March 18, 2009
King's Corner

Read My Lips: Offshore is NOT a Strategic Imperative

Wow. There was quite a backlash to my last blog entry titled “Offshore Outsourcing – How Come I Haven’t Saved Any Money?”. Many emails poured in questioning my commitment to the use of offshore. Some readers said, “how can you argue with offshore?…it’s the future” and “if you’re right, then why is my company telling me that it’s a Strategic Imperative?”. That one got me.

Well, to all the readers out there, one point I need to make clear. I have orchestrated, managed and witnessed dozens of successful implementations through the use of offshore. By successful I mean reductions in costs while not adversely impacting scope, quality and speed. So, let me go on the record now and say that I am not against the use of offshore. Through the use of inclusive language, I will restate it. I am FOR the use of offshore. But there is a caveat. When It Makes Sense!

Let’s discuss the point one of my readers made, regarding their company conveying that the use of offshore is a strategic imperative. No offense to those leaders who would state such a thing, but you may need to get a new role if you would say that offshore is a strategic imperative. Let’s boil it down in simple terms. To make your company more profitable, two things can be addressed. Firstly, you can increase revenues. Secondly, you can decrease costs. It really is as simple as that. To satisfy either of those two goals, there is a myriad of tactics you can take. You can increase brand recognition. You can introduce new product lines. You can consolidate disparate systems that essentially do the same thing. A whole host of tactics are at your disposal to satisfy either of those strategic imperatives, increase revenues or decrease costs. But to simply say that the use of offshore is a strategic imperative is shortsighted.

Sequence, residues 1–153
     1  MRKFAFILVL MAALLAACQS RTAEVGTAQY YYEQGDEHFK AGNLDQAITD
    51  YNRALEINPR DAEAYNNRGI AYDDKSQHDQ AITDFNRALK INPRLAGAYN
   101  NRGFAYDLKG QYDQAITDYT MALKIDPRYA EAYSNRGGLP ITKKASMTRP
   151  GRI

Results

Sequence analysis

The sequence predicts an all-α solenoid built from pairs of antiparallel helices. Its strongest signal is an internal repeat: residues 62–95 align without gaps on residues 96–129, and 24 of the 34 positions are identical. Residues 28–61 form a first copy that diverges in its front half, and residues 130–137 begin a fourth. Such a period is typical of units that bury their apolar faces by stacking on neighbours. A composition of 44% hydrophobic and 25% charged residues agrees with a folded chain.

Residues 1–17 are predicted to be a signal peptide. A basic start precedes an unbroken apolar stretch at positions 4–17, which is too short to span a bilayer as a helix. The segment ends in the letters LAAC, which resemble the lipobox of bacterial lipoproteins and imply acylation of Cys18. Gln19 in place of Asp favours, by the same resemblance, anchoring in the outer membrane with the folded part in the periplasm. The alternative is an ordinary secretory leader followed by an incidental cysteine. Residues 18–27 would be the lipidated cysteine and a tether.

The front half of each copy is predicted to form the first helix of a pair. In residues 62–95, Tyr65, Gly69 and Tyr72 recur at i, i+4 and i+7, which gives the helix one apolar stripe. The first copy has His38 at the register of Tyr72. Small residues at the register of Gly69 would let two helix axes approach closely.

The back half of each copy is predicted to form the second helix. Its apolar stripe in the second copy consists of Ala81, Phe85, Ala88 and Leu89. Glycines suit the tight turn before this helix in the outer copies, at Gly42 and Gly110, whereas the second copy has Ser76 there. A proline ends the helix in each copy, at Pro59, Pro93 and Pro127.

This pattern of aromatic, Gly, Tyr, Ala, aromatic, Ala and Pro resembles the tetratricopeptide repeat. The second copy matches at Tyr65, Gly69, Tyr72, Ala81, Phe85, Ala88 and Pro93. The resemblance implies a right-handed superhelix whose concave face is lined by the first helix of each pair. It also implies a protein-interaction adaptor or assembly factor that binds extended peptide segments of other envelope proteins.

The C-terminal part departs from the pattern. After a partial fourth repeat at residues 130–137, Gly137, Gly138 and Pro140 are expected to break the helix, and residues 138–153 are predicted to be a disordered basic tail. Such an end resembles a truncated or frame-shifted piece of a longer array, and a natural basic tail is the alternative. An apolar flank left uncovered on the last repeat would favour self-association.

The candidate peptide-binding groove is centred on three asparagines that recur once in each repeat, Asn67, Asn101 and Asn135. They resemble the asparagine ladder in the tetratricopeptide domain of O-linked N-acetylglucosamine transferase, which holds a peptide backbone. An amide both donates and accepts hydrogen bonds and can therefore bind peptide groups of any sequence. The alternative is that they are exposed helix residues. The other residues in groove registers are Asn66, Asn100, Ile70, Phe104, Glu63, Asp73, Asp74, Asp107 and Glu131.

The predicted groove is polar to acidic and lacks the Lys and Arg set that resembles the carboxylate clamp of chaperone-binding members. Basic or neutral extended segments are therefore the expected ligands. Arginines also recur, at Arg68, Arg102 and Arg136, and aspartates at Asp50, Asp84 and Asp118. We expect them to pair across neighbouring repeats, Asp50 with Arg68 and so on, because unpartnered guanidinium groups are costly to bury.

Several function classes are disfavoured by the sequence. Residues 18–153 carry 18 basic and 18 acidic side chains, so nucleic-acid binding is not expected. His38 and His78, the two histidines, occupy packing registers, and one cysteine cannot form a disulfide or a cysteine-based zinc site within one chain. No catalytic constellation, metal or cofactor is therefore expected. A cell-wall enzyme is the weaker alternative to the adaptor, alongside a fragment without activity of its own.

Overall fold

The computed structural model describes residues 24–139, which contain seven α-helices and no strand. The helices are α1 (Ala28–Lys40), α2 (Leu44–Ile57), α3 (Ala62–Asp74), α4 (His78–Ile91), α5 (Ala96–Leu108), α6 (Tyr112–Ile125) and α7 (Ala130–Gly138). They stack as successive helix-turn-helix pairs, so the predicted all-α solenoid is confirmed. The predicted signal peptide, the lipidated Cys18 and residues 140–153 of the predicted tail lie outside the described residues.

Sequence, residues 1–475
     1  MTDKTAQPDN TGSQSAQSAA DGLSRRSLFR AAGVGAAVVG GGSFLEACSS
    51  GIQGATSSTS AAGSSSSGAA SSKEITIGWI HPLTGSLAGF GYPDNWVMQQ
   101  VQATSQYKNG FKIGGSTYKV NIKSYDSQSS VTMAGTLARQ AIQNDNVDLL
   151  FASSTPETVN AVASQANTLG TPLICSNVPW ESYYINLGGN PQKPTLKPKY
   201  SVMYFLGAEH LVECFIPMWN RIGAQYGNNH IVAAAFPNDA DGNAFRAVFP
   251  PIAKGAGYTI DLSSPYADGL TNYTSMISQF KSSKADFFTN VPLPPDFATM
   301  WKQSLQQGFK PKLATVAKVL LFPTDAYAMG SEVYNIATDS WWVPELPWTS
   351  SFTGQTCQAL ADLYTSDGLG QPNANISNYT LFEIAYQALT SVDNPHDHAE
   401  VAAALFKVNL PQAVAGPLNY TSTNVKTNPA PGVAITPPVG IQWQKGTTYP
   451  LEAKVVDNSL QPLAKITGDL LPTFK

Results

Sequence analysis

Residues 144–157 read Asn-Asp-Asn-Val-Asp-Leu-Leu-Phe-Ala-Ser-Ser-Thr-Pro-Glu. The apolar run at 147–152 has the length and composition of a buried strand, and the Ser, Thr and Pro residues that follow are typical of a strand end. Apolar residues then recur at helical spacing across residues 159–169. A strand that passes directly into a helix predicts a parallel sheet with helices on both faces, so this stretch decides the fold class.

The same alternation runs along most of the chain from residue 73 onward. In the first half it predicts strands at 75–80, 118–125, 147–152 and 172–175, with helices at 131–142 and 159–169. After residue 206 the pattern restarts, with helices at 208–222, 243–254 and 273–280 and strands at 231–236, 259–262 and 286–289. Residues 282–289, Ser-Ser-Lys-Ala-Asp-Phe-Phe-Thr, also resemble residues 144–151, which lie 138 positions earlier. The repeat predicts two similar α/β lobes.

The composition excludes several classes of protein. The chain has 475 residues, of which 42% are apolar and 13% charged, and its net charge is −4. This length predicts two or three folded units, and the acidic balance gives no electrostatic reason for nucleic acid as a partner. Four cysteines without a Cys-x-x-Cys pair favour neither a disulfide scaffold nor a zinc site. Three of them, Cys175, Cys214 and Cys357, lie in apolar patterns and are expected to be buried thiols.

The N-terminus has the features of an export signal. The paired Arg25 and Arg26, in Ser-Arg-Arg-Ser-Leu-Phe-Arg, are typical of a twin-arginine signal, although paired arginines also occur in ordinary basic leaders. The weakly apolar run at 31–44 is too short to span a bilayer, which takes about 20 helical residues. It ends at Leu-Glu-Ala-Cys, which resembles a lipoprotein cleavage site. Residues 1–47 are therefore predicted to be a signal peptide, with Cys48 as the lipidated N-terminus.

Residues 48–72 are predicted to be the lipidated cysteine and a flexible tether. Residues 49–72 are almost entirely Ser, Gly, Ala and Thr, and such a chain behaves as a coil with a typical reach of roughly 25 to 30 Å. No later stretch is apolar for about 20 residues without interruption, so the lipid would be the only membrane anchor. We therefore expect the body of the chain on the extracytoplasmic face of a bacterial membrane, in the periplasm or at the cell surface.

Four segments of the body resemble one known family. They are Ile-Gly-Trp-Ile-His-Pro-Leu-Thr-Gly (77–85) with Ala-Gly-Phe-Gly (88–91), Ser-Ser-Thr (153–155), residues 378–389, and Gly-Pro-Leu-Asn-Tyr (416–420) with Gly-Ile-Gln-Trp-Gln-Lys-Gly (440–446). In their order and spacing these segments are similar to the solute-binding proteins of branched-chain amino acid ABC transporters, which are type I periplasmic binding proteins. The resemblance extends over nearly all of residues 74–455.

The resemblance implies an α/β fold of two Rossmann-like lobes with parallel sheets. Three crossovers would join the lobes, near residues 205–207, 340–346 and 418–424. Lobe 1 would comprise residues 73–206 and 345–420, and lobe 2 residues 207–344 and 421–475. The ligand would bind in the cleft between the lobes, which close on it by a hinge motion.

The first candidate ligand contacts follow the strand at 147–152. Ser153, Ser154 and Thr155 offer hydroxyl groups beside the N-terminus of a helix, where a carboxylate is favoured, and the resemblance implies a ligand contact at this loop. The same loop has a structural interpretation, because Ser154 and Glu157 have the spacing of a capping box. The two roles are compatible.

A further look at my aforementioned article shows samples of offshore implementations that actually INCREASED costs. What is strategic about that? Without belaboring the point, a strategic imperative may read as follows: Reduce Costs through the Optimization of Development and Operations Staff, Systems and Procedures. A ha! Strategy speaks. So now, tactically we can determine what are the tactics to address that strategic goal. Items jump out at me. We could:

  1. identify systems that have significant overlapping functionality and redundant data entry/maintenance and consolidate these systems and the teams that support them
  2. identify high-support-cost systems and streamline support processes through advanced technology and improved methodology
  3. and yes, slowly increase an offshore presence to reduce costs while maintaining consistent support levels with no impact to quality or deadlines

There you have it. The use of offshore CAN HELP you achieve a strategic imperative. It is NOT however, a strategic imperative unto itself. If I implement the use of offshore and by doing so, create additional opportunity costs by increasing time to market and see an increase in real costs because I don’t train resources and manage change correctly, what’s strategic about that?

Remember, the change to an offshore model is significant. Don’t get hung up looking at hourly rates and conclude that you reduced costs. Look at ALL costs, real and opportunity, and make sure it’s worth the investment.

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